“The worst idea [America has] ever had is suburban sprawl,” said city planner Jeff Speck during a recent TED talk. “I believe that this American healthcare crisis we’ve all heard about is an urban design crisis, and that the design of our cities can be a cure.” He adds that car crashes are the single largest killer of healthy adults. “If your city is designed around cars, it’s really good at smashing them into each other.” But beyond the health concerns of a car-friendly lifestyle, Speck says there are economic and environmental arguments as well. Dense cities consume less gasoline and energy than less dense communities and stimulate economic growth.

    Speck points to Portland as an urban design success story. He says that when other cities were getting in their cars and sprawling in all directions, Portland instituted an urban growth boundary and a skinny streets program to encourage biking and walking—the city spent 60 million dollars over thirty years on biking. Young educated millenials in search of a hip, walkable lifestyle are flocking to the city; Portland’s population of college-educated millenials is now five times greater than the national average. According to Speck, the best way for a city to boost economic growth is to become a place where people want to be, and more and more, that means walkability.

    Most Americans already know walking is good for them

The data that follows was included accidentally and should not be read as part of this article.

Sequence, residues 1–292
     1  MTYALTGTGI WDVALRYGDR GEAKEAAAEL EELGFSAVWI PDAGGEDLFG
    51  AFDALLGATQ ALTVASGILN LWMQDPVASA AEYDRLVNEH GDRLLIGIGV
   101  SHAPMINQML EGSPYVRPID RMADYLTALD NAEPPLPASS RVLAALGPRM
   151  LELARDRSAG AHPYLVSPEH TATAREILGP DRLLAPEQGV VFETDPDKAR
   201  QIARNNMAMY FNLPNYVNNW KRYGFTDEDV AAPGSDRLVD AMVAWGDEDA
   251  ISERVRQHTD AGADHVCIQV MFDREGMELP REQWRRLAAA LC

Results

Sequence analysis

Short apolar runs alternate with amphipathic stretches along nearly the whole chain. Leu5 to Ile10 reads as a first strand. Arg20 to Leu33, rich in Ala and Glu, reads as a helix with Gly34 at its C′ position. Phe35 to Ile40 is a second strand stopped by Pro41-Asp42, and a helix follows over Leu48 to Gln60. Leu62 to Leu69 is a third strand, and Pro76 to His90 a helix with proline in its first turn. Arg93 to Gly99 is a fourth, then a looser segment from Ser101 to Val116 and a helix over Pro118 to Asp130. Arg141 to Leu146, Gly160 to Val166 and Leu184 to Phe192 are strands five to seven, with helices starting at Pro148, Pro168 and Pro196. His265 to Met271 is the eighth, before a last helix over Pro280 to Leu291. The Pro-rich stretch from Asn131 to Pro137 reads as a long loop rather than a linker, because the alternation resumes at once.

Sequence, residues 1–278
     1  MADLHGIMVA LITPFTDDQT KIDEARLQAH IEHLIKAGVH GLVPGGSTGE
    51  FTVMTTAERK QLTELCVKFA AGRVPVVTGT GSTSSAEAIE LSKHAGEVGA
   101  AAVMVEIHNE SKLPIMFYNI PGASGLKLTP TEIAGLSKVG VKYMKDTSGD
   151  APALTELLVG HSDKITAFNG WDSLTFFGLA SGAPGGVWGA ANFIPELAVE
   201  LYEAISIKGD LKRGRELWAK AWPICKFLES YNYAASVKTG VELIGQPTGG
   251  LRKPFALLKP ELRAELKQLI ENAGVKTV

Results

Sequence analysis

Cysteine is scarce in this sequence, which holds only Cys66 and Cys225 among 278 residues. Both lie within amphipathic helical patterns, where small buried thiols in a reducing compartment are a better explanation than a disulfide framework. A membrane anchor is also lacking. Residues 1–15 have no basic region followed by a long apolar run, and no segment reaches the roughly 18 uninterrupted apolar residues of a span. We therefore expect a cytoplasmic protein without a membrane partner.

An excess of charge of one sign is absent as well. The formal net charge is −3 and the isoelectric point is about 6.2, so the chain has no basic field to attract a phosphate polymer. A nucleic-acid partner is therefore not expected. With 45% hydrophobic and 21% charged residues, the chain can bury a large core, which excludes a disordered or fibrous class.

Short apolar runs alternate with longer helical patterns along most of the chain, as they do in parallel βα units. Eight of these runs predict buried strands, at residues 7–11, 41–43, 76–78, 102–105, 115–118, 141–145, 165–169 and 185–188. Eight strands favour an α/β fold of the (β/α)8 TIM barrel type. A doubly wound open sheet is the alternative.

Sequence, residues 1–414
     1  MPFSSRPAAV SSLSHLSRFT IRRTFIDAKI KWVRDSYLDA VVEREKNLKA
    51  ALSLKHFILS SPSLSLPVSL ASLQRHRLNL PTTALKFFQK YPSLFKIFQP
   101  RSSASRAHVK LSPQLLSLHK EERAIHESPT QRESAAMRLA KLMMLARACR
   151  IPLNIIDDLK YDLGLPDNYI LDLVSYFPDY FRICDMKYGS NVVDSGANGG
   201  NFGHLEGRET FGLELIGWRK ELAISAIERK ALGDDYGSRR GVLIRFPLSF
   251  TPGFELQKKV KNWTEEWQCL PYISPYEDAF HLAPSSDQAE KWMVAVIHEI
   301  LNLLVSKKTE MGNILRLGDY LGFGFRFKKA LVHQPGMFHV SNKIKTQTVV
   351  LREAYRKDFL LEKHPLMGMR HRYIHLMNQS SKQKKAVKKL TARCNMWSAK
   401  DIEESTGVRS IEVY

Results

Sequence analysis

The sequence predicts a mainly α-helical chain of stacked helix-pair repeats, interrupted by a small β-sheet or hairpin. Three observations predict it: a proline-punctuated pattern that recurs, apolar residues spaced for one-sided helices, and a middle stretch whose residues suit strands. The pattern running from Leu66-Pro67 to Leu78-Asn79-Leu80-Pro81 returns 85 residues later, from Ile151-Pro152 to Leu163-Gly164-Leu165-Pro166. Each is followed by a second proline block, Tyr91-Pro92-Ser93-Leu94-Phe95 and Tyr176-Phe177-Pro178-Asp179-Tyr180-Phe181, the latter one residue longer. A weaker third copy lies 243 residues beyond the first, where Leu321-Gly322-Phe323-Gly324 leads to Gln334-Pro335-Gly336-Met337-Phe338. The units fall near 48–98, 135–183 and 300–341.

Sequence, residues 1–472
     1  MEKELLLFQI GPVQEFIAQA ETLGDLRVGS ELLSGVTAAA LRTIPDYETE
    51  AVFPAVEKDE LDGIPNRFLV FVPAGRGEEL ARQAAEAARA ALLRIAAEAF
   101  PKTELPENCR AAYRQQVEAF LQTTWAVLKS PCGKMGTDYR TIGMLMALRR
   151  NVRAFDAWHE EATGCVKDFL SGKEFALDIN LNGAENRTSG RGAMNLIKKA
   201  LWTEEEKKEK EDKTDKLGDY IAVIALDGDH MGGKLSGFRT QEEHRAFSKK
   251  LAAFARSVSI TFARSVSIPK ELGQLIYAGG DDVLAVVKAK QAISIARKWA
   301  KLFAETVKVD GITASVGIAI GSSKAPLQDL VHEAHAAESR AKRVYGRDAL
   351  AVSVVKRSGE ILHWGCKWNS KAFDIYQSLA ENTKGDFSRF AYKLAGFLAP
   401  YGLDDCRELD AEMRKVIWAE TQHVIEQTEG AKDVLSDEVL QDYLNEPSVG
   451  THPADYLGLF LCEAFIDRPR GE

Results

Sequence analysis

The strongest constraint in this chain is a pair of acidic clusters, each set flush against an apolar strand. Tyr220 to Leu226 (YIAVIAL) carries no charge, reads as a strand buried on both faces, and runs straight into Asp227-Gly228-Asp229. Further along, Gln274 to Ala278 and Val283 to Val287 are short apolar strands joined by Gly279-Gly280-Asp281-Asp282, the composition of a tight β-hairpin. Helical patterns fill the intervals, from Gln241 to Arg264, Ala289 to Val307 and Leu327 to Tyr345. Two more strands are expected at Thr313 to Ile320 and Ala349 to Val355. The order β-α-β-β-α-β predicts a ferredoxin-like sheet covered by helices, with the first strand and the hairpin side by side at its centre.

The City of Austin, Texas, adopted Imagine Austin in 2012, a 30-year comprehensive plan to create a vibrant, more livable, and connected city through safe, affordable, and well-maintained neighborhoods.

    Though the evidence suggests that not only are there health, environmental, and economic reasons to promote walkable places, as well as growing demand, walkability is not yet the default for land development. Some cities aiming to create more viable, livable, and walkable communities are turning to Form-Based Codes, which emphasize physical form and how buildings should relate to each other and surrounding streets rather than land use. However, shifting away from the suburban regulations established in the forties and fifties is not always easy; several components of modern codes can be contentious, challenging our ability to create new walkable places. For example, parking requirements are a sore point in the track record of modern coding. Many codes still require new developments to provide large amounts of on-site parking, which not only promotes driving, but also takes up valuable land and drives up cost (pun intended). Additionally, parking requirements are often mandatory and vary wildly from place to place and land use to land use. Graphingparking.com pegs land use versus parking spaces required across the country.